1921-1930DramaIvan PravovOlga PreobrazhenskayaSilentSoviet silent cinemaUSSR

Ivan Pravov & Olga Preobrazhenskaya – Kashtanka (1926)

Mariann Lewinsky (Il Cinema Ritrovato 2020): “Kashtanka by Olga Preobrazhenskaya, print 1995, a film of winter, of night and snow, of children and animals, a film about loss, a masterpiece”, read my viewing notes from 2012. My Prague colleagues had it screened for me because they knew I was interested in colour in silent cinema, and they knew a tinted Soviet silent film to be a rare item. I had never heard the name of the director. My encounter with her work was enhanced by the shock of discovering that a major director who had reached international audiences with Baby ryazanskie and Tikhiy Don (The Quiet Don) around 1930 could disappear without a trace from official film history. In 2013, Il Cinema Ritrovato dedicated a retrospective to her.” Mariann Lewinsky (Il Cinema Ritrovato 2020)

Natalya Nusinova (Il Cinema Ritrovato 2020): “In the original story by Chekhov, Kashtanka is a little dog that gets lost following the trail of his drunken owner. In the film he is stolen, sold, tossed out into the street and saved by a clown. The boy Fedyushka gets lost looking for the dog and ends up a prisoner of the sinister Mazamet who compels him to rove from house to house to make money, while Fedyushka’s father wanders through the streets in search of his lost child. The film was approved by the censors in 1926 and received the authorisation for international distribution the following year. Before the Czech print was discovered in 2012, Kashtanka had been considered lost in Russia, following the decision by the Central Committee of film censorship to ban the film in 1932 (“the underclass is portrayed as evil, lacking in class consciousness and social awareness”).” Natalya Nusinova (Il Cinema Ritrovato 2020)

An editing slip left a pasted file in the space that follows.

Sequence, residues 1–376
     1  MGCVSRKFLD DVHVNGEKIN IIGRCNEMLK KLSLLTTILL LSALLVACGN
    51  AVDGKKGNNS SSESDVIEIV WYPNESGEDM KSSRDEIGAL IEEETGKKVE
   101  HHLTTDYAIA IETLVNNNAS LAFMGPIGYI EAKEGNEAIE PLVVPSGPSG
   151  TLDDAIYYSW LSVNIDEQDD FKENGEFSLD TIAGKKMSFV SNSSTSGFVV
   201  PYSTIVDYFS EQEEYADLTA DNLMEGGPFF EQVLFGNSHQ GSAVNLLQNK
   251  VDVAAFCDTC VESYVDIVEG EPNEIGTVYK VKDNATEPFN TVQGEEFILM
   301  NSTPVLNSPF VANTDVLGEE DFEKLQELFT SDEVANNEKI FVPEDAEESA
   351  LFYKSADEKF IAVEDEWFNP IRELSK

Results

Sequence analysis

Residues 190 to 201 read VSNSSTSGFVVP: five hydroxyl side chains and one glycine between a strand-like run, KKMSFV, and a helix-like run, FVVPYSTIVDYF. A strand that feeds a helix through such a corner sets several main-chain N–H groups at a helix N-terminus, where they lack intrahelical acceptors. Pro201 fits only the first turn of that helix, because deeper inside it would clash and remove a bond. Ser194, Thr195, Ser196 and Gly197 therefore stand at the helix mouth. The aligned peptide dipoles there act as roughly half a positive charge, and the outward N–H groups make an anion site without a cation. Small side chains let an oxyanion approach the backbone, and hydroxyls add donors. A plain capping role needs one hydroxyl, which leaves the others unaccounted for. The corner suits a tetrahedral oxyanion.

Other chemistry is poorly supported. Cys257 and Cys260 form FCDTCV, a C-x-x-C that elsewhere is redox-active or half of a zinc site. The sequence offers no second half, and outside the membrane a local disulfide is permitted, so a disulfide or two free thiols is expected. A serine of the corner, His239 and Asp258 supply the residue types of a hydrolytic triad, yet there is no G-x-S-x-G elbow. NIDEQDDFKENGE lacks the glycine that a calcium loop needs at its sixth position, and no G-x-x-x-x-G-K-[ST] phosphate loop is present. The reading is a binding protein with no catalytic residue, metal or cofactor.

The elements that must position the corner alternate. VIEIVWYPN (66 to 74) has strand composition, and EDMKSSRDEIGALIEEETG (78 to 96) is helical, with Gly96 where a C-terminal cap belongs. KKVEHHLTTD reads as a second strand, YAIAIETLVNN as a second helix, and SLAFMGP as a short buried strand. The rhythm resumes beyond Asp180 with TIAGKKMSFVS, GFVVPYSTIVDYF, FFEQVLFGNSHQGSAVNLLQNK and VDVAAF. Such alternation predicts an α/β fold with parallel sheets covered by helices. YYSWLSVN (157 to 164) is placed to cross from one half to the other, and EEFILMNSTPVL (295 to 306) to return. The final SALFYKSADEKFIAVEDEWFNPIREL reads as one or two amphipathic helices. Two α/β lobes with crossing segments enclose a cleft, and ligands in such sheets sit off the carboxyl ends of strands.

AA: In Anton Chekhov’s oeuvre, Kashtanka was published during an extremely important and productive year, 1887, just before his great turning-point, the long story The Steppe. Olga Preobrazhenskaya’s Kashtanka was the first of six film adaptations of Chekhov’s beloved story.

For several generations the film was missing, believed lost. Then a Czech print was preserved from apparently the sole surviving source, battered, in low definition and low contrast and with a lot of “rain”, but still conveying an idea of the original film.

Anton Chekhov’s story has been completely changed, but a core idea remains: the ordeals of a little dog in the hands of several owners. In the movie the dog’s tale is mirrored by a parallel adventure of the little boy Fedyushka who loves it more than anything else.

Container:  	Matroska
Runtime: 	1 h 13 min
Size: 	2.38 GiB
Codec: 	x264
Resolution: 	1920x1080 
Aspect ratio:  	16:9
Frame rate: 	25.000 fps
Bit rate: 	4 800 kb/s / 4 800 kb/s
BPP: 	0.093


Language(s):Czech intertitles

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